Growing Ottawa: City staff recommend adding up to 1,650 hectares to urban boundary
Ottawa City Hall is seen in this undated photo. (File photo)
OTTAWA -- As Ottawa's population grows, more space is needed for housing and developments to accommodate new people.
It's a fact not lost on city planners and the newly published agenda for a special joint meeting of the planning and rural affairs committees next month is revealing just how much land the City thinks it needs.
The special meeting on May 11 will debate whether to allow between 1,350 and 1,650 gross hectares of land to be eligible for new urban residential and employment development.
A typical downtown city block is about 1.2 to 1.5 hectares, for comparison.
"The new Official Plan provides a strategy and policy framework to guide development and growth over a 28-year period from July 2018 to July 2046. Over this period, Ottawa is projected to grow by about 402,000 persons, reaching a citywide population of over 1.4 million people. This growth will require in the order of 195,000 new residential units," a document prepared for the meeting says.
Ottawa's current urban boundary. (Photo courtesy of the City of Ottawa)
Capital Ward Coun. Shawn Menard was quick to criticize the plan on social media, calling it a "bad precedent" and "perhaps the most important decision" council will make this term.
"It must be opposed vigourously," Menard said.
Three growth scenarios
Staff say there are three approaches to accommodating the projected growth in the city.
The first is a status quo approach, which staff say maintains the current Official Plan intensification target increase but offers no further policy intervention on achieving the majority of growth through intensification. Under this scenario, Staff say 45 per cent of residential growth by 2046 will be through intensification—that is, the development of land at a greater density than currently exists, typically though multi-unit dwellings like row homes and high-rises.
"The remaining 55 per cent of growth is to be accommodated on greenfield lands and requires an urban expansion of approximately 1,930 to 2,230 gross hectares to supplement the existing urban greenfield designated lands and account for potential Urban Employment Area additions," the report says.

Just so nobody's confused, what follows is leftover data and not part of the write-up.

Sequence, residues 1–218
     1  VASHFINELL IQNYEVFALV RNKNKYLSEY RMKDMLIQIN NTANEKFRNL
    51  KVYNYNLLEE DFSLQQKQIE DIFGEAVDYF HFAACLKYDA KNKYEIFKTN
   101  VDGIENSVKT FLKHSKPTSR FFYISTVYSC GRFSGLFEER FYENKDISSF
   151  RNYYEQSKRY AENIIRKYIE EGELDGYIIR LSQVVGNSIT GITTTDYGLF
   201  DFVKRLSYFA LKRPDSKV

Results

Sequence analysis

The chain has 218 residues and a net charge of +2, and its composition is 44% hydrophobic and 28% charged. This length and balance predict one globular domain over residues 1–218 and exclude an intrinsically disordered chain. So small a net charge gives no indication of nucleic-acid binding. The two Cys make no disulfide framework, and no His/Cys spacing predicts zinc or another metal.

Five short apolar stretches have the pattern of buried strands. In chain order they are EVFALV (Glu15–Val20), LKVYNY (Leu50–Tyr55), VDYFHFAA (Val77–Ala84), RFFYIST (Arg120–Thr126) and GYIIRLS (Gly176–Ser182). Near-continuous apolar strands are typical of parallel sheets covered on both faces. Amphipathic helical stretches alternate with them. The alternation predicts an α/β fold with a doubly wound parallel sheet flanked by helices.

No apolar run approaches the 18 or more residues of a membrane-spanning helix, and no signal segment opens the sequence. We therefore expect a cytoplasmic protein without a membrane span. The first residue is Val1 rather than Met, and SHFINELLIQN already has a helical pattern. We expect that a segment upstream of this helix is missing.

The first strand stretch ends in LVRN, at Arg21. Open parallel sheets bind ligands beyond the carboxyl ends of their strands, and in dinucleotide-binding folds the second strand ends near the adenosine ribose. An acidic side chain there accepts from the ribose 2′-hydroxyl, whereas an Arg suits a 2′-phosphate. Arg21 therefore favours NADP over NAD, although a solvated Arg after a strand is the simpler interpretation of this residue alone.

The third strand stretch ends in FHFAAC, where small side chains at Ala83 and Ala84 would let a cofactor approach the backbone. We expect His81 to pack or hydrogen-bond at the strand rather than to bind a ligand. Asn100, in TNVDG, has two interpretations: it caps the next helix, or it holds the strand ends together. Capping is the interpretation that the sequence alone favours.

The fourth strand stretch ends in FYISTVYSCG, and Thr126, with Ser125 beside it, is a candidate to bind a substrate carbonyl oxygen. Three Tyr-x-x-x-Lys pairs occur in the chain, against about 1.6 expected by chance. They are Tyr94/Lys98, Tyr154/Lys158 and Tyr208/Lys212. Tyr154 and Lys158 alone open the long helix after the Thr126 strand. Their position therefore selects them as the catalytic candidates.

The second option is a "hold-the-line" approach, where there is no expansion to the urban boundary at all. Staff say this option would require a rapid development of intensification at levels never before seen in Ottawa.
"Intensification targets increase at a faster rate than historically observed, such that 100 per cent intensification is achieved during the 2041 to 2046 period, resulting in 64 per cent of overall residential growth within the built-up area through intensification," the report says.
Staff also say this approach provides no opportunity for strategic expansion of urban employment areas.
The third approach, which staff are recommending, is a "balanced" approach. This one would have more "realistic" targets for intensification and wouldn't require as large of an expansion of the urban boundary. Under this approach, the City would need to expand the boundary by 1,350 to 1,650 hectares.
Staff say this approach would permit the City and the housing industry to "lay the groundwork to facilitate more intensification through the introduction of new housing forms to achieve the reallocation of ground-oriented units (single-detached, semi detached and row housing) that are typically provided in greenfield areas, back into existing communities."
Staff note that the majority of new housing built through intensification have been rental apartments and condos with two or fewer bedrooms. "A change in the types of intensification units is needed as the rate of required intensification increases, with special attention to three-bedroom ground-oriented units," the report states.
The land that would be added to the expanded urban boundary would be selected based on criteria staff say would ensure the most cost-effective use of the land and would prioritize "new residences close to existing commercial areas, existing places of employment and most importantly close to existing or already-planned rapid transit."